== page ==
During Zimbabwe Defense Forces Day ceremonies on Tuesday, President Robert Mugabe said Western countries are trying to destabilize the country where he said the armed forces are capably maintaining peace, and Prime Minister Morgan Tsvangirai received a salute from two generals who earlier said they would never grant him that mark of respect.
Correspondent Irwin Chifera of VOA's Studio 7 for Zimbabwe reported from Harare.
Political analyst Glen Mpani of the Center for the Study of Violence and Reconciliation in Cape Town, South Africa, said Mr. Mugabe’s charges against the West were unfounded.
Military and government sources said senior security chiefs undertook to salute the prime minister during an inaugural meeting of the National Security Council a fortnight ago.
At that time both formations of the former opposition Movement for Democratic Change - one led by Tsvangirai, the other by Deputy Prime Minister Arthur Mutambara, confronted Defense Minister Emmerson Mnangagwa for declaring in parliament that the top brass were only obliged to salute the president, and not necessarily the prime minister.
Tuesday’s salutes signaled a thawing of relations between Mr. Tsvangirai and the military.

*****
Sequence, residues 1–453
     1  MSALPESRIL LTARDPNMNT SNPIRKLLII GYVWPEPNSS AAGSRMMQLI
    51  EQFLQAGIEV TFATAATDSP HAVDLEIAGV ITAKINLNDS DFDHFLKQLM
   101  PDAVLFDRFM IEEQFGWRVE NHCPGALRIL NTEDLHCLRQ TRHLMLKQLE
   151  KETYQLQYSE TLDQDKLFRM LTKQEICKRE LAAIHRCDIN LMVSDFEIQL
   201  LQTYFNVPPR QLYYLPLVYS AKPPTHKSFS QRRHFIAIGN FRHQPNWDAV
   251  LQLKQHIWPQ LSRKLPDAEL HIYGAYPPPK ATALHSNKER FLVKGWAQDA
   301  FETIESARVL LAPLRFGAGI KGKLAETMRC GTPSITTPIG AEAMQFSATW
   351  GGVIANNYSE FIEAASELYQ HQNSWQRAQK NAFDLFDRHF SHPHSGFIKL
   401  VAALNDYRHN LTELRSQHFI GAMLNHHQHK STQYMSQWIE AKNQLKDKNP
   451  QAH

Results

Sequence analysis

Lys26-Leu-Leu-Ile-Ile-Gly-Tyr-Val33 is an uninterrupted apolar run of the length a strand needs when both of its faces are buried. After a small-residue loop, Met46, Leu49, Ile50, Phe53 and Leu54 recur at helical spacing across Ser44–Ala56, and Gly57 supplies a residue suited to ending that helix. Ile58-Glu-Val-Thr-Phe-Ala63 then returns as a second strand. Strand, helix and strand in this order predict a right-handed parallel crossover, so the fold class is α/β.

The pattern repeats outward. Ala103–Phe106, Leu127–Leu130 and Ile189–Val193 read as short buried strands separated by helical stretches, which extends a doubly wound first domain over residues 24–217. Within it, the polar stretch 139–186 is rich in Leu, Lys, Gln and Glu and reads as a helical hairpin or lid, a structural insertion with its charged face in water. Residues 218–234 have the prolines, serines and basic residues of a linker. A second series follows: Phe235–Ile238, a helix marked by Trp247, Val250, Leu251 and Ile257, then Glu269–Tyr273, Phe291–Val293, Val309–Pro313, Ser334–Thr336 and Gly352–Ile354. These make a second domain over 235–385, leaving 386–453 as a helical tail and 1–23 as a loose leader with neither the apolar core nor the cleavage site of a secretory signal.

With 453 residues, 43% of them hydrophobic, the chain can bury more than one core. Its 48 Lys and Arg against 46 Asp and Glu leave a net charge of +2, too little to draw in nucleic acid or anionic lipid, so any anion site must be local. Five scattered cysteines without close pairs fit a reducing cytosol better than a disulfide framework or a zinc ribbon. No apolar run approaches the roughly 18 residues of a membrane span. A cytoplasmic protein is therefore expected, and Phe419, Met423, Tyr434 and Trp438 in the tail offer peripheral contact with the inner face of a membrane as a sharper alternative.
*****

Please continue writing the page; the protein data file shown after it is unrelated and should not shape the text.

Retired Zimbabwe National Army Major Kudzai Mbudzi told reporter Blessing Zulu that a refusal to salute Mr. Tsvangirai would have been dangerous and reflected ignorance.
Mr. Tsvangirai’s MDC formation meanwhile has called for a separation between politics and the uniformed forces, and increased professionalism among soldiers and police officers.
The MDC issued a statement saying the armed forces must put the national interest ahead of those of any political party - a clear reference to Mr. Mugabe's former ruling ZANU-PF. It said an independent board should oversee top military and police appointments and promotions.
MDC spokesman Nelson Chamisa, also minister of information communications technology, told reporter Jonga Kandemiiri of VOA's Studio 7 for Zimbabwe that the party acknowledges the key role of the security forces but believes that major changes are in order.